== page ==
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‘We need to build confidence’

TRADE between Zimbabwe and Turkey has been slowly growing since 2019 when Harare set up its first embassy in Ankara. Zimbabwe Independent editor Faith Zaba (FZ) last week spoke to Zimbabwe Ambassador to Turkey Alfred Mutiwazuka (AM, pictured) on the side-lines of the Turkey-Africa Media Summit in Istanbul on several issues, including trade, investment and bilateral relations between Harare and Ankara. Below are excerpts of the interview:

Fact file: Alfred Mutiwazuka
  • He is a graduate of the University of Zimbabwe and post graduate student at St John’s University in the USA
  • He is a career diplomat.
  • He joined the Ministry of Foreign Affairs and İnternational Trade 34 years ago.
  • He has diplomatic experience and exposure having served his country at both multilateral and bilateral stations.
  •  Mutiwazuka served at the Permanent Mission of Zimbabwe at the United Nations in New York.
  •  He also represented Zimbabwe at the Board of the United Nations Development Programme and participated at other related UN institutions responsible for funds and programmes.
  • Prior to his current appointment by President Emmerson Mnangagwa as the first resident Ambassador of Zimbabwe to Turkey, he was Zimbabwe’s Consul General to Hong Kong and Macao Special Administrative Regions of the People’s Republic of China.
  •  As a career diplomat he has placed his country’s national interests first, ensuring that Zimbabwe is always at the top table.
  • Mutiwazuka believes that his many years of diplomatic work and experience will enable the further strengthening of bilateral relations between Zimbabwe and Turkey through increased trade and investment as well as people to people relationships.

FZ: Investment between Zimbabwe and Turkey is very low. What could be the factors behind low investment from Turkey?

AM: When His Excellency, President E.D (Emmerson Dambudzo) Mnangagwa assigned me to this mission in 2019, the volume of trade stood at US$19 million and marginally grew to US$29 million in 2020 and was US$22 million during the third quarter of 2021. The reasons for the slow increase in investments lie within the Covid-19 period and its attendant challenges. However, I foresee an improved level of bilateral trade as the Covid-19 era seems to be easing out and the lining up of several agreements between Zimbabwe and Turkey, which will spur confidence to Turkish investors and beyond.

FZ: How does the low bilateral trade impact Turkish investment into Zimbabwe?

AM: The low levels of Turkey-Zimbabwe bilateral trade is a discouragement to investment by that country’s businesspeople. They prefer to invest in countries where their goods already enjoy a good appeal. Yes, Turkish goods have an appeal in Zimbabwe because of quality and low price but I am of the view that when trade between the two countries, which increased when the embassy was opened in October 2019, will play an important role to facilitate Turkish investments in our country. Logistics has been raised as a major challenge in luring Turkish investors to Zimbabwe. İf we improve on the movement of goods, we will definitively attract Turkish businesspeople to venture into various projects in our country. A simple analysis of Turkish African ventures will show you that they have been made in coastal countries because transportation of goods is easier.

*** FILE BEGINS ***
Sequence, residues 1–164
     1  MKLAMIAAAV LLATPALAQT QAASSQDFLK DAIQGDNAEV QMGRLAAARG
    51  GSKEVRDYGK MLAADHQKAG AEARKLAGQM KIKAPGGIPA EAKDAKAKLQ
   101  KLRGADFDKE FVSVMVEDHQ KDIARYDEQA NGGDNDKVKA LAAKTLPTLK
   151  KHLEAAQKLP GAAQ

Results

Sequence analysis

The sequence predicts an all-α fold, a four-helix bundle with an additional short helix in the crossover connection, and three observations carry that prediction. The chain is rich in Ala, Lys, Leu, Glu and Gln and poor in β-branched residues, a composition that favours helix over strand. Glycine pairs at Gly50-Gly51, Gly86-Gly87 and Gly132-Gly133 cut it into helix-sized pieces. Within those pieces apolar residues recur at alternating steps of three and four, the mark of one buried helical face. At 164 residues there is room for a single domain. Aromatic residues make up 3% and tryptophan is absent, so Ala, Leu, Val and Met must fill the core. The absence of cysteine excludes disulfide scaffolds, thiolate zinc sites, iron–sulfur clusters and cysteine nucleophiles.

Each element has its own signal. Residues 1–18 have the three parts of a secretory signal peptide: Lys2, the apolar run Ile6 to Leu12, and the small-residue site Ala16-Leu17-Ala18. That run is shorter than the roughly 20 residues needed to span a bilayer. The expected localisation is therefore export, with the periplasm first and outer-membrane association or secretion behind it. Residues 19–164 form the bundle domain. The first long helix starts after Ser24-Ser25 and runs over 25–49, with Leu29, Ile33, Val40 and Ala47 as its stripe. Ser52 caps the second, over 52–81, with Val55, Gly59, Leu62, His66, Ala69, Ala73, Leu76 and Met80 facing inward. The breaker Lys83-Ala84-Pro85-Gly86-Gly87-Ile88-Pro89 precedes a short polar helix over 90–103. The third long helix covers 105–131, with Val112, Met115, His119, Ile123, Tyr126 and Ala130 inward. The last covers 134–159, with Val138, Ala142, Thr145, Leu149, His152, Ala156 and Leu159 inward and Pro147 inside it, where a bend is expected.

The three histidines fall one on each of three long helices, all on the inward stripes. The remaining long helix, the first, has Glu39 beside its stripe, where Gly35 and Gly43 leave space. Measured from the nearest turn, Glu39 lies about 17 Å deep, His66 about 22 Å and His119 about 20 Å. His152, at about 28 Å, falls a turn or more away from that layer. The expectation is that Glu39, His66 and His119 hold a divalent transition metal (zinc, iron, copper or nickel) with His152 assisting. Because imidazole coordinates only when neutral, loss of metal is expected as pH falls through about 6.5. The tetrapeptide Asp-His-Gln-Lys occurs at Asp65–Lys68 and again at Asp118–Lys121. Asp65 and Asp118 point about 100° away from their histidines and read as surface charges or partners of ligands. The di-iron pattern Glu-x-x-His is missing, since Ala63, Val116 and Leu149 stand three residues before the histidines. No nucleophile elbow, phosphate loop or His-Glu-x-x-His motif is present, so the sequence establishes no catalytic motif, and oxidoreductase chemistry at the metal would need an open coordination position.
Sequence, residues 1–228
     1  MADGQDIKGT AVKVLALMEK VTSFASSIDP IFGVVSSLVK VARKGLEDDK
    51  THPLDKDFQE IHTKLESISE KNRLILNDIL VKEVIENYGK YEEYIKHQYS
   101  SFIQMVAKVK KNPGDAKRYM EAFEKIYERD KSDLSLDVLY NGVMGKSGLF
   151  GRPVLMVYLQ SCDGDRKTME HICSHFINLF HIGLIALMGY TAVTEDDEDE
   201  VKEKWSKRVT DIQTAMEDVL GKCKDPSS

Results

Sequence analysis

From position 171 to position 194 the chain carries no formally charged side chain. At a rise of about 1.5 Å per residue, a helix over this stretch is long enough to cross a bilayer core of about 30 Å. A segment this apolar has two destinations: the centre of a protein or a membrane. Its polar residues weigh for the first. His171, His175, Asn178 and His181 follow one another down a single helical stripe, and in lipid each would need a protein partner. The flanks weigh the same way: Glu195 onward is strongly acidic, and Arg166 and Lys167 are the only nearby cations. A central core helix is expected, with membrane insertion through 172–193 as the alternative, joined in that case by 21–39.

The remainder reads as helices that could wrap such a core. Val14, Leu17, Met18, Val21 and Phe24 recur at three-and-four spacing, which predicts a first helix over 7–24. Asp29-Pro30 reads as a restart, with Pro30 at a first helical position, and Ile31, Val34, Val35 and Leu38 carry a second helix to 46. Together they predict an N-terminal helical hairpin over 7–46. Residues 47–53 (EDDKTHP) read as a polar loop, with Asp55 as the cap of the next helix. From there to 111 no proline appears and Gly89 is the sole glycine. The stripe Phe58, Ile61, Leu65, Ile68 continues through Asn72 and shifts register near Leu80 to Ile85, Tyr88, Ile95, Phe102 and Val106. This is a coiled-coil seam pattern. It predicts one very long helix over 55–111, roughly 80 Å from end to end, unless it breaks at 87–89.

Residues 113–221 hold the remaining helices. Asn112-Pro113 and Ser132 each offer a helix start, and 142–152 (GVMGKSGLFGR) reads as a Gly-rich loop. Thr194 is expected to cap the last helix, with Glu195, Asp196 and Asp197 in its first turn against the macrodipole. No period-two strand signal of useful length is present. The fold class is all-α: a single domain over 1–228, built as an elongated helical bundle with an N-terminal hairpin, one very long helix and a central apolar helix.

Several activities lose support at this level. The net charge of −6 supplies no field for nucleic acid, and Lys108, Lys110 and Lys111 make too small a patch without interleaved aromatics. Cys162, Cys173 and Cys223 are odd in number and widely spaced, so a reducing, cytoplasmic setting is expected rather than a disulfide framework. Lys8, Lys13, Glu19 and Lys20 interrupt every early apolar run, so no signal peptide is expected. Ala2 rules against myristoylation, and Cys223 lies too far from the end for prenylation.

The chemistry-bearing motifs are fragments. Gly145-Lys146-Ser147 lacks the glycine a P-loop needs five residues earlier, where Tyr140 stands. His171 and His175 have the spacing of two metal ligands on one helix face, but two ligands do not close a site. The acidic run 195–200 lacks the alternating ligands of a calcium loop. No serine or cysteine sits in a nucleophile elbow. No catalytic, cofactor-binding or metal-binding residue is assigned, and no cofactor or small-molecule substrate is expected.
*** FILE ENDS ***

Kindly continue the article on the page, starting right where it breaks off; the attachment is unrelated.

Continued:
I am also engaging the Turkish Airlines to fly directly to Harare or Victoria Falls. This will facilitate easier movement of cargo, particularly fresh produce. If this happens, according to my interaction with Turkish businesspeople, they will then be able to invest in sectors, such as, agriculture in Zimbabwe.

FZ: Apart from low Turkish foreign direct investment (FDI), there has not been much trade between the two countries compared to other advanced economies. Why is it so?

AM: The landlockedness of Zimbabwe is a major challenge. However, since the opening of the embassy, trade between the two countries has been improving. There exists huge potential for Zimbabwean cotton, tobacco, hides and sculptures, which the embassy is also pursuing. Zimtrade should play a leading role in this area.

Our investment climate is actually a turn-on to Turkish investors. The coming in of the ‘New Dispensation’ has created a favourable and clear route to investment. The various legal instruments, for example, on corruption and the set-up of the Zimbabwe Investment and Development Agency (Zida) have been welcomed by Turkish investors and I am confident that in the shortest possible time this thrust will bear fruits.

In 2016, the Foreign Economic Relation Board (DEIK) signed an agreement with our Confederation of Zimbabwe Industries (CZI) to form the Turkey-Zimbabwe Business Council. That formation is playing a vital role in economic relations between the two countries.